Lao Tzu

Tao Te Ching

“There is a time to live and a time to die but never to reject the moment.”

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An incredible text, one that's had a profound effect on my thinking and perspective. A collection of ancient Chinese wisdom translated by a masterful, modern day writer and poet Ursula K. LeGuin.

What is the book about? The easiest would be to say about life and about living well, but that doesn't quite capture the text. It is like flowing water, now this and now that, always quiet and unassuming, always powerful and without end.

"Be broken to be whole.
Twist to be straight

Be empty to be full.
Wear out to be renewed.
Have little and gain much.
Have much and get confused.

So wise souls hold to the one,
and test all things against it.

Not showing themselves,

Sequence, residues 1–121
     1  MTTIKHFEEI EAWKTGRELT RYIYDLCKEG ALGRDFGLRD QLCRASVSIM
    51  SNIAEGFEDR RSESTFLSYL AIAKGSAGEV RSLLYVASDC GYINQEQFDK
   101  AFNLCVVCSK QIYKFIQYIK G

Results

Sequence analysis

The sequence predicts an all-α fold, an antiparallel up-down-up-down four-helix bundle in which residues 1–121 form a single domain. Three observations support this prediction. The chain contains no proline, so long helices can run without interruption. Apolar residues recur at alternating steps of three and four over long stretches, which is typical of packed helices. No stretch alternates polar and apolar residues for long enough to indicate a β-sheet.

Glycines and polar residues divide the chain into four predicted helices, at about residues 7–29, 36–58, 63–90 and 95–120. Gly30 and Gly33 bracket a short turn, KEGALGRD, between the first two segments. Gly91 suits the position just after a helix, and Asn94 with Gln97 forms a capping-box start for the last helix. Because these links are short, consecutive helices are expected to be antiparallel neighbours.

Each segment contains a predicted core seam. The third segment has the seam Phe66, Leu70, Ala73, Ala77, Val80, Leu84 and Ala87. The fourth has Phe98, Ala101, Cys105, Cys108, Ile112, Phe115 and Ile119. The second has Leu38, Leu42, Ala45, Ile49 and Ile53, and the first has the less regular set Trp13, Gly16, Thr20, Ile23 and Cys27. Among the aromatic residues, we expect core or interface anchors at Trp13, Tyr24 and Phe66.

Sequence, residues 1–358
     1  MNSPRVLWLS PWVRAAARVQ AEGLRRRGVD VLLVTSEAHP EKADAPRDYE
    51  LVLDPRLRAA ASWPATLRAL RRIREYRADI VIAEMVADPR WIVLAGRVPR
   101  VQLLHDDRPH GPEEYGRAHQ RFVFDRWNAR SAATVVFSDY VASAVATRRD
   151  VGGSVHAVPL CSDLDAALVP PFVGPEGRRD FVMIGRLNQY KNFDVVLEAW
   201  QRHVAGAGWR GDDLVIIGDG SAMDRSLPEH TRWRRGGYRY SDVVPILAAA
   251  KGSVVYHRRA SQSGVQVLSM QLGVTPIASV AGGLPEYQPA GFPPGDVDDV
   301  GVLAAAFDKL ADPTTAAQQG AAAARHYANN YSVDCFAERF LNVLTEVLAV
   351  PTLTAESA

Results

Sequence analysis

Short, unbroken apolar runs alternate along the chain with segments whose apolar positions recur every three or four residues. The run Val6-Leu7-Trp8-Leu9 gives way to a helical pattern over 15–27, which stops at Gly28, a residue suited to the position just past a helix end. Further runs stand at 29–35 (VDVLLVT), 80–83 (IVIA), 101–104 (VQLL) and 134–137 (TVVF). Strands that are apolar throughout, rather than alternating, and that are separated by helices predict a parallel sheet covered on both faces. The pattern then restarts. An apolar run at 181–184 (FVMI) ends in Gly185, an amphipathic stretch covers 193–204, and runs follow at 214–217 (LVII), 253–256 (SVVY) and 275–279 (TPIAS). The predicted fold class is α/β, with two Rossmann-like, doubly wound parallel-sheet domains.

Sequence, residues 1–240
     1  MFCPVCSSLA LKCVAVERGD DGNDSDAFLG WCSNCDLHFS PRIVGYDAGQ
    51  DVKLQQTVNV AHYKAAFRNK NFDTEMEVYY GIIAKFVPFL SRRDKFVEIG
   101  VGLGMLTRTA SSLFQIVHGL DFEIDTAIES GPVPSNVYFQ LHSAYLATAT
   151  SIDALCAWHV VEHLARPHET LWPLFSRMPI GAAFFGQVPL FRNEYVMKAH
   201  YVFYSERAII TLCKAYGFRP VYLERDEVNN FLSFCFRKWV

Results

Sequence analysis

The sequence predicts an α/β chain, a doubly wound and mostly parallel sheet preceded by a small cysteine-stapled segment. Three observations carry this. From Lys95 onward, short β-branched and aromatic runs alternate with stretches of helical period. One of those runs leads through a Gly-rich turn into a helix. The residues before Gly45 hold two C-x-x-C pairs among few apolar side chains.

they shine forth.
Not justifying themselves
they're self-evident.
Not praising themselves,
They're accomplished.
Not competing,
they have in all the world no competitor.

What they used to say in the old days,
"Be broken to be whole,"
was this mistaken?
Truly, to be whole
is to return."

In LeGuins poetic choice of words, the text comes to life as if it was written yesterday, and not so very long ago.

"You can't keep standing on tiptoe
or walk in leaps and bounds.
You can't shine by showing off
or get head by pushing.
Self-satisfied people do no good,
self-promoters never grow up."
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